And in the middle of all those twos is a ONE. And today that ONE (First, if you will) is Autherine Juanita Lucy, the FIRST Black student to attend the University of Alabama (in 1956. That is 66 years ago for those who like to talk about how racism is So! Long! Ago!*). In 1952, she and Polly Myers, a civil rights activist with the NAACP) applied to University of Alabama because Lucy wanted to get a second undergrad degree, not for political reasons but to get the best possible education in the state and separate was definitely not equal. Women were accepted, but their admittance was taken back when they found out that they were not white. Lucy and Myers charged the University with racial discrimination in a court case that took almost three years to resolve. On June 29, 1955, the NAACP secured a court order preventing the University from rejecting the admission applications of Lucy and Myers (who had married and was then known as Pollie Myers Hudson) based upon their race. Lucy was finally admitted to the University but it rejected Hudson on the grounds that a child she had conceived before marriage made her an unsuitable student. Even though Lucy was officially admitted, she was still barred from all dormitories and dining halls. Days later, the court amended the order to apply to all other African-American students seeking admission.

At least two sources have said that the board hoped that without Hudson, the more outgoing and assured of the pair and whose idea it originally was to enroll at Alabama, Lucy’s own acceptance would mean little or nothing to her, and she would voluntarily decide not to attend. But Hudson and others strongly encouraged her, and on February 3, 1956, Lucy enrolled as a graduate student in library science, becoming the first African American ever admitted to a white public school or university in the state. Lucy attended her first class on Friday, February 3, 1956. On Monday, February 6, 1956, white people LOST. THEIR. SHIT. Riots broke out on the campus and a mob of more than a thousand men pelted the car in which the Dean of Women drove Lucy between classes. Threats were made against her life and the University president’s home was stoned. The police were called to secure her attendance. These riots at the University were what was, to date, the most violent, post-Brown, anti-integration demonstration. After the riots, the University suspended Lucy from school because her own safety was a concern and also they didn’t want her there.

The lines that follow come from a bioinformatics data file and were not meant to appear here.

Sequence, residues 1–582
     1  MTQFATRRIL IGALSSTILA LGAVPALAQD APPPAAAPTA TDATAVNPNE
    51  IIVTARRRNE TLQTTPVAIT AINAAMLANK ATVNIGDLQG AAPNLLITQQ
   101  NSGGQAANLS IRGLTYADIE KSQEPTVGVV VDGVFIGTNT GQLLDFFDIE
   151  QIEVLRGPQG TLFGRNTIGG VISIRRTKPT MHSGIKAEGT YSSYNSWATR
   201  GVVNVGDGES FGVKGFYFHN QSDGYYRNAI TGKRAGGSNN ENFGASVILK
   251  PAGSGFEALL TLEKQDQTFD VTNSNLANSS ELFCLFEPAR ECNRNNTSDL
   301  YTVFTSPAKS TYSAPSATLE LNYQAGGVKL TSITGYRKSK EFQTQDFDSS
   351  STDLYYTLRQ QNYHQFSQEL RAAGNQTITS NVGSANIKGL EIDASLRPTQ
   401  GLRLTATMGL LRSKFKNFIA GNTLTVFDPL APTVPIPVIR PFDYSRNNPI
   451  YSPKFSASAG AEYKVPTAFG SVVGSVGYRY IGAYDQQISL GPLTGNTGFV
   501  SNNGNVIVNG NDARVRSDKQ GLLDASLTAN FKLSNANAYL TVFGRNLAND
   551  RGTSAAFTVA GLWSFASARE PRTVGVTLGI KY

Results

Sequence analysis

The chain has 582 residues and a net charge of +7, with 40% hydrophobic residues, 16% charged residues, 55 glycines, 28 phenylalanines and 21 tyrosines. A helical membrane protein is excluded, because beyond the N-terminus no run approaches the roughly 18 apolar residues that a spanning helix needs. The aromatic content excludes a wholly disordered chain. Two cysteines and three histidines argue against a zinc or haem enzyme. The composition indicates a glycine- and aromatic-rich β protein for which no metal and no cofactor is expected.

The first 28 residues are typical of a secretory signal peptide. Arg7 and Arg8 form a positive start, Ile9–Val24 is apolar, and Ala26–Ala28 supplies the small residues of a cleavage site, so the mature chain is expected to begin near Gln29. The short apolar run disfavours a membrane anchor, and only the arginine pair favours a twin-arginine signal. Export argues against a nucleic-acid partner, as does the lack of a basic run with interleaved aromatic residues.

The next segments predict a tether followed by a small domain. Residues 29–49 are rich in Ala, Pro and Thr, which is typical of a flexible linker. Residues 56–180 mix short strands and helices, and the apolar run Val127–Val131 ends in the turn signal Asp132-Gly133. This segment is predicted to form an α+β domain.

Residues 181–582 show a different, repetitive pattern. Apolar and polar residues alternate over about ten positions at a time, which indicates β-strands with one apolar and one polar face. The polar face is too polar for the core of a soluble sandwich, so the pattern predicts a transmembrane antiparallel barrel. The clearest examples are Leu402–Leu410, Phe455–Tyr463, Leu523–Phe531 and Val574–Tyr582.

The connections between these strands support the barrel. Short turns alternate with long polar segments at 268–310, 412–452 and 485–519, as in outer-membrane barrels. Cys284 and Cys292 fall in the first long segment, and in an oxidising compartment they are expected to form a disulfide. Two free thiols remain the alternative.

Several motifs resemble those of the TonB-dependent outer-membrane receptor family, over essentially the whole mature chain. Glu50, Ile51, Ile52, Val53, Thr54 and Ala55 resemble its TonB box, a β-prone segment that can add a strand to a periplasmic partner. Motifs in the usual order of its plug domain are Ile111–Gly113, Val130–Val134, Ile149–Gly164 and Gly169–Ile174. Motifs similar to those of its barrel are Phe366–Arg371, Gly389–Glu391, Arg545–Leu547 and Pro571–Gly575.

Lucy was known and described as “the architect of desegregating Alabama’s education systems.” Thurgood Marshall helped win the 1954 landmark Supreme Court desegregation case, Brown v. Board of Education. The Brown decision said that racial segregation in public schools was unconstitutional (illegal). Marshall had a great amount of confidence that if the Supreme Court decided something, then the rest of the country would follow its decision. (HA. HAHA. HAHAHAHAHAHAHA. *cough*) Attorneys for Lucy and the NAACP helped build a lawsuit against the University because they believed the school helped the white mob by not having protection for her and prevented Lucy from attending class. A series of legal proceedings lasted from 1953 until 1955.

While Lucy felt defeated from being expelled and losing the court case, Thurgood Marshall, who would become the first African-American Supreme Court Justice in 1967, thought differently. In a letter to Lucy, he said, “Whatever happens in the future, remember for all concerned, that your contribution has been made toward equal justice for all Americans and that you have done everything in your power to bring this about.”